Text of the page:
Magazine article Marketing

Selfridges & Co

Magazine article Marketing

Selfridges & Co

Article excerpt

The world-famous department store has stayed true to its creative retail philosophy for 102 years.

Selling a staggering range of goods from furniture to food, Selfridges attracts visitors to its 540,000ft2 Oxford Street store with not only its products, but also creative exhibitions and events.

Founder Harry Gordon Selfridge began his career working in Chicago's leading department store, Field and Leiter, which later became Marshall Field. He introduced ideas such as lighting window displays at night, and helped it become the biggest store in the world at the time.

He left in 1903 and bought a rival retailer. A few months later, he abruptly decided to sell up. He had bigger ambitions: 'London is the greatest and richest city in the world and contains 6m discerning inhabitants,' he said.

He opened a store on Oxford Street, a far from prestigious location at the time, in 1909, with 130 departments, restaurants, writing rooms and six acres of selling space. Selfridges & Co was a success from the beginning.

The store attracted thousands of visitors, putting on events such as the first public demonstration of television by John Logie Baird in 1925.

Selfridge created a benchmark for promoting retail stores with brand identities. By turning shopping into a leisure activity, and targeting the recently emancipated female population, he changed the concept of retail space forever.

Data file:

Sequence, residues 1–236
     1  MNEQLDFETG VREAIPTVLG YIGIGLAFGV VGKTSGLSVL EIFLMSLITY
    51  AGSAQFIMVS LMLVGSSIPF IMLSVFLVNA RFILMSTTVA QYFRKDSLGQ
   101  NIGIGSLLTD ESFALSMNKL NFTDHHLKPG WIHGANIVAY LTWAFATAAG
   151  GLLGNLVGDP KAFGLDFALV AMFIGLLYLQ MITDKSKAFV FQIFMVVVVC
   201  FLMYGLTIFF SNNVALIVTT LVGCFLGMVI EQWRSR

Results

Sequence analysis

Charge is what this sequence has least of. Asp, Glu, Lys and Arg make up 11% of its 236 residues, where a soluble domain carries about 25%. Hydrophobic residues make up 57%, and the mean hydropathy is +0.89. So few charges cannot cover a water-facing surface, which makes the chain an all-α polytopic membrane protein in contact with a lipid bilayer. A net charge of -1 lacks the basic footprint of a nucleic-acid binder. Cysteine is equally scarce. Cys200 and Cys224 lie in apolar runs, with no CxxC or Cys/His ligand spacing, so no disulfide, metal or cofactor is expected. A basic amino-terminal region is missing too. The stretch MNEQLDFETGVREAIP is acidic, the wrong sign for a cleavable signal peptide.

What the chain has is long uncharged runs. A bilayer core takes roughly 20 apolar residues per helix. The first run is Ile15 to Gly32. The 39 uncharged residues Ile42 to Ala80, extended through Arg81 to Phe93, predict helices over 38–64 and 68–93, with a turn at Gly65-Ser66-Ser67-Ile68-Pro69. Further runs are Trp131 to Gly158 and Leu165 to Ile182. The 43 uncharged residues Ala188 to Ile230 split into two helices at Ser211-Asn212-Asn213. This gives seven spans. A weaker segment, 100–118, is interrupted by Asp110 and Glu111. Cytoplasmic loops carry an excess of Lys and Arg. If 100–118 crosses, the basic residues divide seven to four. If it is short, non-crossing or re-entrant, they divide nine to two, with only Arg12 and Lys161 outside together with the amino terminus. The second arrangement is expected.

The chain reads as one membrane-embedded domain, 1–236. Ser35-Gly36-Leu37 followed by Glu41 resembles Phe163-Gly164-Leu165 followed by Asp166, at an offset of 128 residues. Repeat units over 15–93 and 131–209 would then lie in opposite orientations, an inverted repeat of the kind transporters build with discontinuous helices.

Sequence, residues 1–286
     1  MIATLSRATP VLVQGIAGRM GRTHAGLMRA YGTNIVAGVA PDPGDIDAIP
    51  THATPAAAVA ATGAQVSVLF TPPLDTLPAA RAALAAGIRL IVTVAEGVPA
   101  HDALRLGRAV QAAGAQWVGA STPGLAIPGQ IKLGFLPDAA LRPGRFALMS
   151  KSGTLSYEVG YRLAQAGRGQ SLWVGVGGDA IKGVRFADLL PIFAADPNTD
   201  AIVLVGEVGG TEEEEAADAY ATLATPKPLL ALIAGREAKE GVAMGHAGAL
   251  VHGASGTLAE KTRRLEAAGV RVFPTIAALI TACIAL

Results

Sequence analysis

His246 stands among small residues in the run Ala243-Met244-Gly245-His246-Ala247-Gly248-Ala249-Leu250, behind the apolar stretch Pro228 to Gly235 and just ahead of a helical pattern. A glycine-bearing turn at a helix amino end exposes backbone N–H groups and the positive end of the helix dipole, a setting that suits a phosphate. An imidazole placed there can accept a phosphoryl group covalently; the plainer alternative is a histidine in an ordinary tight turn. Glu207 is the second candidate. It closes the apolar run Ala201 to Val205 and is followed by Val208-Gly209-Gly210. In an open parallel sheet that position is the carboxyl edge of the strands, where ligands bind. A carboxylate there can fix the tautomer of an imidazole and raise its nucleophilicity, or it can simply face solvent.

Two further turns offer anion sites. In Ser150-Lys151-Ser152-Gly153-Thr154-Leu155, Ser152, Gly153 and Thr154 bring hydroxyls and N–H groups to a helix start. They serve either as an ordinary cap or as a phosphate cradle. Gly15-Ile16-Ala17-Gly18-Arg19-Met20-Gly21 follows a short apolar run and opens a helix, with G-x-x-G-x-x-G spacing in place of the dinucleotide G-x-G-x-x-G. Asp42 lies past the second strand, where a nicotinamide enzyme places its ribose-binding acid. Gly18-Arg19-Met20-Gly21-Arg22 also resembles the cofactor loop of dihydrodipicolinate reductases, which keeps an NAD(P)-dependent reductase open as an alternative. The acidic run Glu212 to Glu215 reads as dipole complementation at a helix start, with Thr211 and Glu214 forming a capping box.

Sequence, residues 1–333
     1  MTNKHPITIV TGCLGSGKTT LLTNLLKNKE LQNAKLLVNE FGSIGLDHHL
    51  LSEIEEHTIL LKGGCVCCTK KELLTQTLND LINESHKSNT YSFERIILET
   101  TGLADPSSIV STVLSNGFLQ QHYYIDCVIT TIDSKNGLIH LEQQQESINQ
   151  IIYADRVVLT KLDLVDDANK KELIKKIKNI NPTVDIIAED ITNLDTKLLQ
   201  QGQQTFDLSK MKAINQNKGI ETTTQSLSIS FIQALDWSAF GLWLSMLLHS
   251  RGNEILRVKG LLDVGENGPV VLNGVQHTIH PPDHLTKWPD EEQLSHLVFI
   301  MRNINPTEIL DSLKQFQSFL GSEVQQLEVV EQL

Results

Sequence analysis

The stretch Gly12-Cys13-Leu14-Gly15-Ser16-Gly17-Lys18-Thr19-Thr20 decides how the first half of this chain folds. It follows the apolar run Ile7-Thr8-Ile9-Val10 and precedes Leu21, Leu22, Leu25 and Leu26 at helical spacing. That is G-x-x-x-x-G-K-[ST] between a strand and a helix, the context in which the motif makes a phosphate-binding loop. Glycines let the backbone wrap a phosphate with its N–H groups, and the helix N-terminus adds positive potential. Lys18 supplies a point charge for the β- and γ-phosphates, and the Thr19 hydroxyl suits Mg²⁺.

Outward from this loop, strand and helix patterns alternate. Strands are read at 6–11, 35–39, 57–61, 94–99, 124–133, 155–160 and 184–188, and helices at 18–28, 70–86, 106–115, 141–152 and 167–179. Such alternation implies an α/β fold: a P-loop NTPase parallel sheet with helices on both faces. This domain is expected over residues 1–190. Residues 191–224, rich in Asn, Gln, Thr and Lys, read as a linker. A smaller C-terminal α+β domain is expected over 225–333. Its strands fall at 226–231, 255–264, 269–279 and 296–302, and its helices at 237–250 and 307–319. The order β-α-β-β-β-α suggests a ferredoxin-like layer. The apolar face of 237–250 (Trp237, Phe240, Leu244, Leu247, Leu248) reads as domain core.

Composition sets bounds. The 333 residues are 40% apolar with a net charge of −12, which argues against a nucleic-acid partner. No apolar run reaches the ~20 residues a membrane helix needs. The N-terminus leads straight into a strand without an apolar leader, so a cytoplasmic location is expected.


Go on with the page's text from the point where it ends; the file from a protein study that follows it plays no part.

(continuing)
However, the department store has also faced hard times, surviving the blitz of World War II, near bankruptcy and economic downturns throughout its 102-year history. Under various owners, it has continued to stay true to Selfridge's vision. A department named 'Miss Selfridge' was opened in the 60s and spun off into a nationwide chain, and in the 80s, Selfridges became the first British department store to advertise on TV.

Under the leadership of Vittorio Radice in the 90s, the London store underwent a pounds 94m redevelopment. Manchester and Birmingham branches were opened at the turn of the century.

Radice was also responsible for helping revitalise the store's image, transforming it into the 'house of brands' described by Vogue as a 'modern temple for the worship of shopping', as well as making the famous Selfridges yellow shopping bag something of a fashion accessory.

Under the ownership of the Weston family since 2003, events such as the ongoing 'Museum of Everything' exhibition and departments such as the recently unveiled Shoe Galleries have continued to attract shoppers.


When does packaging become advertising? …

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